Parcel is designed to be very modular,
Here is an excerpt from the default config that the
parcel CLI uses. Generally, there are three categories of plugin types (with regards to the configuration):
- only one plugin for the whole build (bundler)
- a list of plugins that run sequentially (namers/resolvers/reporters)
- the plugin(s) are specified per asset/bundle type (transformers/packagers/optimizers)
- runtimes are the exception here, because they are specified per context.
A filetype is specified by a glob which is matched against the whole filepath (the pipelines are matched in order of declaration), so you could use different plugins depending on the input/output filepath:
- The globs for transformers are matched against the asset (input) path.
- The globs for packagers and optimizers are matched against the bundle (output) path.
¶ Extending configs
A common usecase is extending the default config, for this reason the
extends field can be a config package or an array of config packages to extend.
The observant reader might have noticed that the last config example didn't include
@parcel/transformer-js, which is required for
This is solved with pipelines. A Typescript asset is first processed by the
ts pipeline and once the
@parcel/transformer-typescript-ts plugin sets the asset type (which is essentially equivalent to the file extension) to
js, Parcel reevaluates how the asset should be further processed. In this case, it will be put into the
js pipeline specified in
@parcel/config-default. This way,
@parcel/transformer-js will still be executed.
If a transformer doesn't change the asset type and you still want to continue processing this asset, add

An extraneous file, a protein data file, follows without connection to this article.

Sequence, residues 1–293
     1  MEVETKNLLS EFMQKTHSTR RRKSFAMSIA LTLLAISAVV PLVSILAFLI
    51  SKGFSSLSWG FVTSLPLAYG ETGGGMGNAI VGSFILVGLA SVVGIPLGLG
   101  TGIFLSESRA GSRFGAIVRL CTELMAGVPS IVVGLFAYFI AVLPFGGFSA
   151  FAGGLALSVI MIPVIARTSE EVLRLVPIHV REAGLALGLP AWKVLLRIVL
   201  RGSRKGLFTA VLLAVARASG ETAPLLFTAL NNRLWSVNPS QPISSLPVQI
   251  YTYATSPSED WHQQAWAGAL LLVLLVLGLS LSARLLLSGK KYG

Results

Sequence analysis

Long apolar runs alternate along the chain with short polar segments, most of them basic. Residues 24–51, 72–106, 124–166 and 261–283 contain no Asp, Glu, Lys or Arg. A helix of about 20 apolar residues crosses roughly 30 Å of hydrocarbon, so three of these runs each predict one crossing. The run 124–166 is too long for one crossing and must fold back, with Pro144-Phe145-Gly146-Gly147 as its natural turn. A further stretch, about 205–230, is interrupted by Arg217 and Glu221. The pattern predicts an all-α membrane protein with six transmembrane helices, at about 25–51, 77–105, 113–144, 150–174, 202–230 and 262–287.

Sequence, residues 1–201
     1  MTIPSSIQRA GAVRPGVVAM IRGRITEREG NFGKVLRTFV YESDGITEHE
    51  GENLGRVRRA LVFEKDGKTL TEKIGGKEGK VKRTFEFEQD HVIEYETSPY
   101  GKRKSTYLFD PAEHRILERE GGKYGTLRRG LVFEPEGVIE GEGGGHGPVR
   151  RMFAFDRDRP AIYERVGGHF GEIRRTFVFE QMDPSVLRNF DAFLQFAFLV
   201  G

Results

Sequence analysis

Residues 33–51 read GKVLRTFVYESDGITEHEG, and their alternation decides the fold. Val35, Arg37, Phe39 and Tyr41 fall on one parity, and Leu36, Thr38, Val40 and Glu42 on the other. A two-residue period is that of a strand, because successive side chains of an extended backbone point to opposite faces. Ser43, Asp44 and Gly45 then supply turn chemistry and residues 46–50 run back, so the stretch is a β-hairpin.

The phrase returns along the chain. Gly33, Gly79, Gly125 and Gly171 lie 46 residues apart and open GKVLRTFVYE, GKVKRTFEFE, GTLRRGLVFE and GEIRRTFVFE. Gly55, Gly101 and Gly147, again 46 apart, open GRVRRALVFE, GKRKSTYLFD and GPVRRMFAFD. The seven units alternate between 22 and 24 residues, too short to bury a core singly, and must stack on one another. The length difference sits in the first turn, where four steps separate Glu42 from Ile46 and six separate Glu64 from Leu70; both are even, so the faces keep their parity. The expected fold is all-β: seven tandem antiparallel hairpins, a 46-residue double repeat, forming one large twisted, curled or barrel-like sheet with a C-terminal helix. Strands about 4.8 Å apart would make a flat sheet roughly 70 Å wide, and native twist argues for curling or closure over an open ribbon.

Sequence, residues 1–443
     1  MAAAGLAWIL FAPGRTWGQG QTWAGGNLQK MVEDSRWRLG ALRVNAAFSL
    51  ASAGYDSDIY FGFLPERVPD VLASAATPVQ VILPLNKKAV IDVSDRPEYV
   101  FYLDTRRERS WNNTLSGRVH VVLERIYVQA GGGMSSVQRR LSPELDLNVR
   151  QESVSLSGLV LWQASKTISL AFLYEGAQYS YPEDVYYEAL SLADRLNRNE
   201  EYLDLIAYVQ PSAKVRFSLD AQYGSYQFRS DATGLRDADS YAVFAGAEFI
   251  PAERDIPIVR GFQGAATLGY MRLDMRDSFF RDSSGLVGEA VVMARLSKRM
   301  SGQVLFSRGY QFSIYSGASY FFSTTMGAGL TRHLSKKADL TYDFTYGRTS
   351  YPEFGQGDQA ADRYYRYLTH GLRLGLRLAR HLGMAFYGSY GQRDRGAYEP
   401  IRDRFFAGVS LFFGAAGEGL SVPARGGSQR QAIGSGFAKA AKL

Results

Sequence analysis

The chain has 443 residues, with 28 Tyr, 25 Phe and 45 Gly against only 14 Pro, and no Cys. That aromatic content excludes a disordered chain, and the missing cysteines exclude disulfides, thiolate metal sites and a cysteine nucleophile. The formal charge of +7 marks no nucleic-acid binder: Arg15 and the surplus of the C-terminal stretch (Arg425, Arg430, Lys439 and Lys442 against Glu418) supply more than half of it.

"..." to continue the transformation (in an extended config). This can be useful if you want to modify an asset without changing its type and let a already defined pipeline handle the translation/dependency registration.
¶ Named Pipelines
In addition to the asset type-based pipelines, there are named pipelines, which enable you to import a single asset type in different ways (e.g. formats).
Named pipelines are specified using a procotol-like syntax, e.g.
import myLogo from "url:./logo.png";
Here is an example on how you achieve a url dependency that doesn't create a new bundle but is rather inlined as a data url.
As you can see,
... is now used to make sure that
data-url:./worker.js will still be processed with the
js pipeline (the named pipeline specifier only applies for the first pipeline match).
Named pipelines are currently implemented for transformers and optimizers (the named pipeline is inheirited from the entry asset).
¶ Predefined (offical) named pipelines
data-url:See above for an example. It isn't replaced by an URL to a new bundle but instead an isolated data url.
url:Needed when e.g. importing "normal" assets such as media files as a URL